We don’t gain any money by upgrading to a UCI status. Our goal is to raise the visibility of these events so that we can shine a better spotlight on the Pro GRT. We also want to put some value into each of these individually owned events in the United States. Whether it’s the Northwest Cup or the race at Snowshoe, all of these people will hopefully have more attention paid to their events as far as having a top-tier series to follow.
Riders will also benefit with the UCI points available. Now they don’t have to travel outside of the United States to have a shot at racing at Windham or Mont Saint Anne. I was talking to BMX olympian Mike Day and he’s kind of moved into downhill mountain biking. He’s asking me how many points are available at these events? His sponsors want to see him at a World Cup and World Championships. He’s an olympian and Red Bull athlete and he’s super excited about having these points available. We want to be able to put cash into a top-tier series like this, which we hope will generate more interest in other venues wanting to register their events with USAC, which in turns makes this whole operation much more sustainable.
If I had one message that I can push through, it’s that it seems as though it’s cool to be unsanctioned. Maybe it's a, “screw the man!” thing. We get beat up by folks because they don’t think we’re investing enough in the sport. Well, we need to make some money before we’re able to invest any of it. Currently, we’re probably stealing from the road guys to invest money into the downhill side of things. But that’s OK. We’re actually totally fine with that. The road guys can deal with it. But if people want to keep doing unsanctioned races, well it just won’t be sustainable and we won’t have anything left to invest with. I don’t want to sound standoff-ish and sound negative. We just have to find a way to work together and do this. We always kind of feel like we’re battling with the people who we want to work with. I think that we’ve taken a step forward and we’re investing cash into a top-tier series in America before we even have a sustainable model to work with. When looking at the race calendar, there are people who are going to be critical of the criss-crossing schedule requirements. The travel is going to be tough on people without significant resources. Is that a concern for you guys?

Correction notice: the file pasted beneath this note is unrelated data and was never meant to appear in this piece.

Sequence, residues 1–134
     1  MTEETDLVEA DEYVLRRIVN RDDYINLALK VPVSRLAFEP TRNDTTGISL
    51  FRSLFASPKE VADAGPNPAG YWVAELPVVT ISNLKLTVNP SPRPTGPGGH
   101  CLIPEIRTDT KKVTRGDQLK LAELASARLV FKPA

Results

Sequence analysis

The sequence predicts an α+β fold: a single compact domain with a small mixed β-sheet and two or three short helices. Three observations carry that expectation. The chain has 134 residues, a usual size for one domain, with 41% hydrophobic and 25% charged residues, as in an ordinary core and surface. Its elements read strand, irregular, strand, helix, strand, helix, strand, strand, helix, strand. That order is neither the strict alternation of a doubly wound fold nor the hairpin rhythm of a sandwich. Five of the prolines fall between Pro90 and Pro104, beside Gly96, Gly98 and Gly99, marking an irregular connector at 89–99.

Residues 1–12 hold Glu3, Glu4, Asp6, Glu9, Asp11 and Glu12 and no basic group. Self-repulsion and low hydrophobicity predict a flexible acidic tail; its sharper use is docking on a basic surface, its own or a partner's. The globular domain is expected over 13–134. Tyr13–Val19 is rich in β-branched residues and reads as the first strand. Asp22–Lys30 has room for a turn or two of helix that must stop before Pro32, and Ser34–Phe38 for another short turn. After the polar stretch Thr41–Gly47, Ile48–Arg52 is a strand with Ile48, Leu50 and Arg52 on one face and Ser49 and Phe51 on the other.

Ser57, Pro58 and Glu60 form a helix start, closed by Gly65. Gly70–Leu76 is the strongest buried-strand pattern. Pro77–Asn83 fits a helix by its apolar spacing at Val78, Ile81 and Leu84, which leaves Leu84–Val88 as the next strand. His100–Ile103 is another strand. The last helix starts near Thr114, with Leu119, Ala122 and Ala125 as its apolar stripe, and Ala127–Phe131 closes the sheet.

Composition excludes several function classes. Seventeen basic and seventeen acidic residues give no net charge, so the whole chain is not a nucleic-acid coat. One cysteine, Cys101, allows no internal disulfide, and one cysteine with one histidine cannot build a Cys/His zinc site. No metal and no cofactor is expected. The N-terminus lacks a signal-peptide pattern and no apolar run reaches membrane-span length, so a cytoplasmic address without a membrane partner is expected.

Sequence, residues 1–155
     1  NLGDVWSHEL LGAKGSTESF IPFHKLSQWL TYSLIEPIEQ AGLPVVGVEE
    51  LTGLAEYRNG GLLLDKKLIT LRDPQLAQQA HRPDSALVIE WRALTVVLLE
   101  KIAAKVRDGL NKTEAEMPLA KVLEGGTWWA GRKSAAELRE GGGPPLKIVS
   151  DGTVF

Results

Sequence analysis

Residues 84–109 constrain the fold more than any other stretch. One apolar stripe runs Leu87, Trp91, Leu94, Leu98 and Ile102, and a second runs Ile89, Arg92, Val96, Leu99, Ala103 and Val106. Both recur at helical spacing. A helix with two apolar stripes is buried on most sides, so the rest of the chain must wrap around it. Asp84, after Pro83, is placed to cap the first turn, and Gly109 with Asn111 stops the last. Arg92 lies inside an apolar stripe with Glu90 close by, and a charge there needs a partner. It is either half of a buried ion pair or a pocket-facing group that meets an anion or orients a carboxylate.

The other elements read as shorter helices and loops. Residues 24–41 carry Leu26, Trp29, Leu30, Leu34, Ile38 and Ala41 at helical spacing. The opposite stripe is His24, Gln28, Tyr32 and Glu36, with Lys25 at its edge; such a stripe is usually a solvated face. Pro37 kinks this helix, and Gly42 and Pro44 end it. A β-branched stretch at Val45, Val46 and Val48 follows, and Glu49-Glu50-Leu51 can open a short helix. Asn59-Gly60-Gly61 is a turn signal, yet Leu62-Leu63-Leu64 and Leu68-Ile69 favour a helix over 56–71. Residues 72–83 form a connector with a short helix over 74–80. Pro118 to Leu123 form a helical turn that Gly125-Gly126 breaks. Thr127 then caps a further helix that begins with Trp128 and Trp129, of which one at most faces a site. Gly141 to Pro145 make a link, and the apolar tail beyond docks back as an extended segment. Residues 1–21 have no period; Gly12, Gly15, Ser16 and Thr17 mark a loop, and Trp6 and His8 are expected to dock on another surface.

If you plug the Pro GRT calendar into the international calendar, whether it’s Crankworx, or Sea Otter or some of the World Cups on the East Coast, you can get a better idea of what we were looking to do. We wanted to get a few events on the West Coast and some on the East Coast and one somewhat in the middle, which ended up being Angel Fire. We are trying to even the series out too; last year it was very East Coast centric. So we wanted to spread things out.
Remember, the Pro GRT is built first and foremost for the top pros. The top pros include those that are travelling to the World Cup. Do we think that the next tier down will be able to attend every single one? Sure, that’s a process and we get that. Our funds are limited, so we need to know where we can best put the money. With UCI points being available, you can help people get the opportunity to get some World Cup or World Championship starts. If you talk to someone to someone like Gwin, well he doesn’t really care about that because he races the World Cup already and gets way more points than you could ever get racing domestically. But, if you talk to someone who races the Pro GRT and is getting somewhere between 5th and 10th regularly - well, they’re going to be pretty excited about those points because that’s going to get them to the World Cup and allow for them to start in their factory kit, as opposed to the USA kit that’s required by the UCI.
Maybe some money is best spent trying to take these events that we have and raising them up to the international level that you find at UCI races. There’s been some discussion about having us send officials to the events. Does that help offset costs for the organizers? There’s also been some discussion about helping out with the overall prize purse. That puts money into the riders’ pocket so that they can get to these events. Or does that just make the rich richer? So you look around at all of the pros and cons of these decisions and that’s something that we need to continue to discuss. Plattekill has been a part of the Pro GRT from the beginning and there are a number of riders who think that the track there is the closest thing you’ll find in the states to the stuff you’ll see at the World Cup. What ended up being the primary reason for its removal from the Pro GRT series?